I don’t hate many places, but I will probably always hate Houston, Texas.

I don’t hate many places, but I will probably always hate Houston, Texas. It is not the people that reside there. It is not the buildings. It is not the culture. It is simply what occurred within my life while I resided in Houston.

We were sitting in the living room of our small apartment in a small-town in upstate, Western New York when Eric, my first husband, and I were discussing his job. He worked at a cardboard factory and despised it. I asked him what he would like to do.

“What would you do if you could do anything you wanted?” “What do you think you would love doing?”

He responded, “I would be a diver”.

“So let’s get you trained to be a diver then”, I replied.

I researched diving programs. I made numerous phone calls and located the Ocean Corporation in Houston, Texas. I paid for his schooling and prepaid our apartment rent. Upon the birth of our second child, we packed up a U-Haul and headed to Texas.

He had a cousin that resided in Houston. The first week of our arrival, his cousin offered to take him out and show him around.

He returned around 4 in the morning with his wedding ring in his back pocket and belligerently drunk. It was a prelude of things to come and all that Houston represented.

As the weeks progressed, so did Eric’s drinking. To say he was a different person when he drank would be an understatement. It became a contest to see how many women he could bed. He used his words as weapons. And occasionally, he used excessive force. This was not Houston’s fault. I had known this long before Houston. But there was something different about Houston. There were bolder actions and less concern for guarding these secrets.

I called my stepmom while in Houston. She advised me to love him. I did the opposite. I left.

I know that Eric’s parents were upset with me when I left Houston. I never called them. I never told them I was leaving, but truthfully, there were many things I never told them; I kept many secrets for Eric.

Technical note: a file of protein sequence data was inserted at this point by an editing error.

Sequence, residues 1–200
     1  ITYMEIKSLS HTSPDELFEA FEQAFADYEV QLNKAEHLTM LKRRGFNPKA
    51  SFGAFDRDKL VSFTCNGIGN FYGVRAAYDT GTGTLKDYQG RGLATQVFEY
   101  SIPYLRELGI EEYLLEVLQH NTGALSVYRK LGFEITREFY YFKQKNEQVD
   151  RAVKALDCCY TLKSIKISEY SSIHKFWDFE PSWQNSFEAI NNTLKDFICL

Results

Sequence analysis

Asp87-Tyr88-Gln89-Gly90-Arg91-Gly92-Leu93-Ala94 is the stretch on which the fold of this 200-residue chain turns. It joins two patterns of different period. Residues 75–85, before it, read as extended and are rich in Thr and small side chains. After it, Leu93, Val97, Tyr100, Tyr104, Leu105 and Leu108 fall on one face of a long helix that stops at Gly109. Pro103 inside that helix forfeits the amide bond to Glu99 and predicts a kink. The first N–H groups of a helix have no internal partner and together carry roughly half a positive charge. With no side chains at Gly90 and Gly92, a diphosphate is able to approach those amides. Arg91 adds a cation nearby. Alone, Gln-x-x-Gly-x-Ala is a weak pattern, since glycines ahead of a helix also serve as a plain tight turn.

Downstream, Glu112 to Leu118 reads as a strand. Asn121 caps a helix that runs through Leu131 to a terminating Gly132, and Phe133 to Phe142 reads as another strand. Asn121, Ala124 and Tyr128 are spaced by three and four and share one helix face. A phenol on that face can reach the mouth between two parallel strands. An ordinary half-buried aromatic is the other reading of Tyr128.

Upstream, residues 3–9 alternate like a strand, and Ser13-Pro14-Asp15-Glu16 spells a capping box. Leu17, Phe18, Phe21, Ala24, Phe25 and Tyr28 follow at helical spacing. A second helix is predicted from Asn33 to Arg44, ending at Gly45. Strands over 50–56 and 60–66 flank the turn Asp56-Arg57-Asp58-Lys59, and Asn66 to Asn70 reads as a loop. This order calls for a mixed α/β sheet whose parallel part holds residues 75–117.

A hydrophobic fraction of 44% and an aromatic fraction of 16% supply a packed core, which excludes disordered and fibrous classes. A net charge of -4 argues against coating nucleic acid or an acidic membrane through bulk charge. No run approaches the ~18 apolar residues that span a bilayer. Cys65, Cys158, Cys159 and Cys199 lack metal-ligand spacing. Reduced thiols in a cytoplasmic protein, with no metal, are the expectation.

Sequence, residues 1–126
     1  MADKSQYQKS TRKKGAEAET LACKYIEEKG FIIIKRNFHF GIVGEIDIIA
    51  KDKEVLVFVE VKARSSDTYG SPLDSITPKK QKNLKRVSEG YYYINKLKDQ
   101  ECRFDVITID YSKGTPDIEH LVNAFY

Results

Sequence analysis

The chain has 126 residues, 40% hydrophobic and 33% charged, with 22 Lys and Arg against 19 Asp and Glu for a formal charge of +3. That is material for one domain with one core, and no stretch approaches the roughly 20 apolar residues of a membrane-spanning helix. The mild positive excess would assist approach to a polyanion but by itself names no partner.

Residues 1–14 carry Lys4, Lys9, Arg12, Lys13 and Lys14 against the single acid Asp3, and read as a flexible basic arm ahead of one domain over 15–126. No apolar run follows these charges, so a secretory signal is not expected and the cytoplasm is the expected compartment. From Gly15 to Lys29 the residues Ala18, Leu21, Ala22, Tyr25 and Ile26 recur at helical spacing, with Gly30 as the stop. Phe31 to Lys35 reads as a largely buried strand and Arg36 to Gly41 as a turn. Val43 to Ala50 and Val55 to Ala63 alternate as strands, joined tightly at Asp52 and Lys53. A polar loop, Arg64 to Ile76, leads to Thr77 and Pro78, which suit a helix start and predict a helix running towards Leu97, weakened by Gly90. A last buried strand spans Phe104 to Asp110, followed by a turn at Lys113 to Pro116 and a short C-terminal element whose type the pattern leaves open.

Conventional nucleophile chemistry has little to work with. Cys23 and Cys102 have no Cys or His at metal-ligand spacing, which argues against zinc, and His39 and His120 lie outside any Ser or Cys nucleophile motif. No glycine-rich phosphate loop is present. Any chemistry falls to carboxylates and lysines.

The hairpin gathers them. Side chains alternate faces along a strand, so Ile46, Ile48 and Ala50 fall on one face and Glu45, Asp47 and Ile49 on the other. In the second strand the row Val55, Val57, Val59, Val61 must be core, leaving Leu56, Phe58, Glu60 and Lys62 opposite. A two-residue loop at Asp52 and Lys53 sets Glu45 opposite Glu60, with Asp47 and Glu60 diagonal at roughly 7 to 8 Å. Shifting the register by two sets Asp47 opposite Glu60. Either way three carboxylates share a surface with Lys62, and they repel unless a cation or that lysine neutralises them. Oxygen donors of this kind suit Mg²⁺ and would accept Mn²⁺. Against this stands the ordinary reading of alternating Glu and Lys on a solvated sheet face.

Many of us have a fine line within ourselves – a breaking point; a leaving point. It can happen in an instant; by words, an action, or a revelation.

There was a night he came home late, liquored and revved up. The children and I had been asleep for hours. I knew he was home because he threw me out of the bed. I hit the wall hard. I stood up and confronted him. He grabbed my arm, dragged me through the apartment, opened the front door and threw me into the yard. It was the words he spoke next that crossed that line, “I don’t care if you end up raped, your body beaten and you are left in a ditch on the side of the road!” and with that, he slammed and locked the door.

I suddenly became aware of a new dilemma: a see-thru nightgown that I was wearing in an apartment complex lawn in the middle of Houston, Texas. I banged on the door to no avail. He had passed out in an alcohol induced deep-sleep.

Many of the other diver students resided in our apartment complex. I ran to the last building where three or four of his fellow classmates resided. Sometime in the wee morning hours, I knocked on their door. They all awoke. They gave me clothing and shelter.

The following day I left Houston with our two children.

I drove our car to a local car dealership and sold it while he was at school. I got a ride to the closest U-Haul and rented a truck with a one-way destination. The students that gave me clothing and shelter met me at the apartment; they brought back-up. They helped me load the U-Haul. By 3 pm that day, I was ready to leave. As I was packing up the babies, Eric arrived. He saw the U-Haul and knew the line was crossed. Immediately he cried and apologized. There is no apology that can undo the damage that was done. I said goodbye and we drove away.

I don’t hate many places, but I will probably always hate Houston, Texas. It is not the people that reside there. It is not the buildings. It is not the culture. It is simply what occurred within my life while I resided in Houston.

© LifeasChristine, 2014. Unauthorized use and/or duplication of this material without express and written permission from this blog’s author and/or owner is strictly prohibited. Excerpts and links may be used, provided that full and clear credit is given to LifeasChristine with appropriate and specific direction to the original content.

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